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Looking After Lily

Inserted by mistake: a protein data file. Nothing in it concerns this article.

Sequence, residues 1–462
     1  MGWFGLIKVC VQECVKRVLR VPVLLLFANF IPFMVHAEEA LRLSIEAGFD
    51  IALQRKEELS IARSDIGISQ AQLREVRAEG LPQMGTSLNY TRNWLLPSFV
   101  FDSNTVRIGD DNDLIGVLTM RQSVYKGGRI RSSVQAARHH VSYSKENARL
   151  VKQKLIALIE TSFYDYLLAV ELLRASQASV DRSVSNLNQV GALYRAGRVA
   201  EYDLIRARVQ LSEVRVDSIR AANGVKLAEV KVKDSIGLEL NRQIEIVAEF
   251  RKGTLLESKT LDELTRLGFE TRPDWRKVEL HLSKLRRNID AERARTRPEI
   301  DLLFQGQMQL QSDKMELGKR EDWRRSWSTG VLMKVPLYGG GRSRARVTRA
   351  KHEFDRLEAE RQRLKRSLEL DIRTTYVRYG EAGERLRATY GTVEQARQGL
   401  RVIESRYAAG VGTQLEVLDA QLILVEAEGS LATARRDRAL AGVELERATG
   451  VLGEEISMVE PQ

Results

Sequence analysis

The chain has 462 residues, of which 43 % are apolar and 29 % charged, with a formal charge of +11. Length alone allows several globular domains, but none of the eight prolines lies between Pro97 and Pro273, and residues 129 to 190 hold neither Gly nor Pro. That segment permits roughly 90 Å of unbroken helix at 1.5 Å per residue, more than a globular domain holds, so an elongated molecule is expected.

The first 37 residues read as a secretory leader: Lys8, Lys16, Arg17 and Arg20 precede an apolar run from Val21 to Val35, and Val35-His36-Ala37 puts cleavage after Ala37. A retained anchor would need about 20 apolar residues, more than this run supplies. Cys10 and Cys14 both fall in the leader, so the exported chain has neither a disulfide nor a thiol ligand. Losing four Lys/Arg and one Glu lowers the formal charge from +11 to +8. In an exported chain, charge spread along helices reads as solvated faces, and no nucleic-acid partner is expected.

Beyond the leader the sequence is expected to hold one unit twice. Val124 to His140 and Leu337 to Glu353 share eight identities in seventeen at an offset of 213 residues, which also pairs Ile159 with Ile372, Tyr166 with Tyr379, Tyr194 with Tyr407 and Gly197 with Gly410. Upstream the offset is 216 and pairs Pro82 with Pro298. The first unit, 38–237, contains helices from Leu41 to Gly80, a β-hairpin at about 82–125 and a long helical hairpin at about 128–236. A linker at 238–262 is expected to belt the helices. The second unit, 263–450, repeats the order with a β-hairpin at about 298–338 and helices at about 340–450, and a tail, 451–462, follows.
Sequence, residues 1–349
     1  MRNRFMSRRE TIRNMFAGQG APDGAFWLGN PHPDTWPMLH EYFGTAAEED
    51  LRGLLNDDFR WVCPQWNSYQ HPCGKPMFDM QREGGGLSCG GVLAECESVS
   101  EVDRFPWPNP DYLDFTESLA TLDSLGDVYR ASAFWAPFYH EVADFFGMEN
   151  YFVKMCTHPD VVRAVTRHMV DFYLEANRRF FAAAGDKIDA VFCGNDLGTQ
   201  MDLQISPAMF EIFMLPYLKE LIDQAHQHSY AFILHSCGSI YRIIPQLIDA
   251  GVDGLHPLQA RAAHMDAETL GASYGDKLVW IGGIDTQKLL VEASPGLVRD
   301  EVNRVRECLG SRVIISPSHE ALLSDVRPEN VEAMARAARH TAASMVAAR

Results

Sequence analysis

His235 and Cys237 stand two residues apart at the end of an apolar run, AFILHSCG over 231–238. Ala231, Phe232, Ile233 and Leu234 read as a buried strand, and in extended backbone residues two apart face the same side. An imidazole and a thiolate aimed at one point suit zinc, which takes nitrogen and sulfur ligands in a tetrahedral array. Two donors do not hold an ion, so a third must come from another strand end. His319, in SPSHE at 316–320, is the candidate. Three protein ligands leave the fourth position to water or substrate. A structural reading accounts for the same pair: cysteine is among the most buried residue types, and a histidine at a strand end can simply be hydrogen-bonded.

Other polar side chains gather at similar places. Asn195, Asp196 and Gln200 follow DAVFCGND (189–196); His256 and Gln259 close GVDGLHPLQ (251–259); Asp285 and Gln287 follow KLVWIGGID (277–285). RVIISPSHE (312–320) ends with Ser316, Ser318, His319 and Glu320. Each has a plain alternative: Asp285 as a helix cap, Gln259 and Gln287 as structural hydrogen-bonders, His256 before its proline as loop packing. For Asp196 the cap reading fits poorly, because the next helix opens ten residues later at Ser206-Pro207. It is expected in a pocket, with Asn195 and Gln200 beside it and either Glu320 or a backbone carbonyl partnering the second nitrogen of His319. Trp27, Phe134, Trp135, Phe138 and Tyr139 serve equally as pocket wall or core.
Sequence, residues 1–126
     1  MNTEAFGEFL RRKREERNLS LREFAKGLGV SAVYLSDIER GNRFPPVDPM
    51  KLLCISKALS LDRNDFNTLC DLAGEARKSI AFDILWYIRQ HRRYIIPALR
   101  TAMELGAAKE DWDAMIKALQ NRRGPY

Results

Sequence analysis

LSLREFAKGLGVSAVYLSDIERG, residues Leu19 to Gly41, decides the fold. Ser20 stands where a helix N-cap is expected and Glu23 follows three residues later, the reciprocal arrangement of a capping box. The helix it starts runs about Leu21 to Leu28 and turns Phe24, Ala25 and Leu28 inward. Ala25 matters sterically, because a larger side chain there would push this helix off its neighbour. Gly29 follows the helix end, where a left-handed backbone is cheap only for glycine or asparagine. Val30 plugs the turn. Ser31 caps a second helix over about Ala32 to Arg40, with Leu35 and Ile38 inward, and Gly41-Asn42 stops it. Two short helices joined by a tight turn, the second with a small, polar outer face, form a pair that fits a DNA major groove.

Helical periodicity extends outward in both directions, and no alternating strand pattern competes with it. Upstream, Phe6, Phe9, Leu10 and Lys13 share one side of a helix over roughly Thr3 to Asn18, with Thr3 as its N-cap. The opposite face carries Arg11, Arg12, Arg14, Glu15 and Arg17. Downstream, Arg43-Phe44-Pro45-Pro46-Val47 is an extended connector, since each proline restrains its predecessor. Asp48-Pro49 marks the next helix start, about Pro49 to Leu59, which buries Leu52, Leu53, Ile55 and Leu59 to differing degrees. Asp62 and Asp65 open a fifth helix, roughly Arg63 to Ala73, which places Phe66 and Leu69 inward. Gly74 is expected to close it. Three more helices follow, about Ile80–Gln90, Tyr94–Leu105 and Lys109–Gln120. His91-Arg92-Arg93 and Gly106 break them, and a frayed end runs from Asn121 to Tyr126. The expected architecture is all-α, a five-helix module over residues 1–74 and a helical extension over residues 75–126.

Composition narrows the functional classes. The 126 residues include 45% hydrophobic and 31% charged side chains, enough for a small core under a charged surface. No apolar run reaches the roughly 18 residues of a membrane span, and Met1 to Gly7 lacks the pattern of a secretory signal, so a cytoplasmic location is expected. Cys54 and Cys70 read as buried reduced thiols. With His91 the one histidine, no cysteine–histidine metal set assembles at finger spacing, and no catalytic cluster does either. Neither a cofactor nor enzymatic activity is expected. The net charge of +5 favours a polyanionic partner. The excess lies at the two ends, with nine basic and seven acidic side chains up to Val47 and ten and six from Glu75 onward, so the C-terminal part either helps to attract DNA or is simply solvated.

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Cindy Bonner’s novel, Looking After Lily, is good stuff: no pretense, no preciousness, but an intelligent, humane story about a guy with too much energy and too little sense. It’s 1884, and young Haywood Beatty is stuck tending his brother’s steely, brainy, pregnant wife, Lily. Haywood drags Lily through a thousand schemes and most of Texas, and of course, falls for her. Though the plot’s hokey (a testosterone-addled scamp purified by love), Bonner makes it real enough that you ache. And pain and joy alike are bent slightly through Haywood’s wryness: He disdains a woman’s funereal ”wide-brimmed hatty hat” and describes a newborn’s looks with, ”Ears seemed kind of big and flapping out.” His earnestness is cumulatively funny: Single sentences are clever, but 20 pages’ worth are delicious. Bonner’s people are delicious too-mulish, funny, bleak, and real. A

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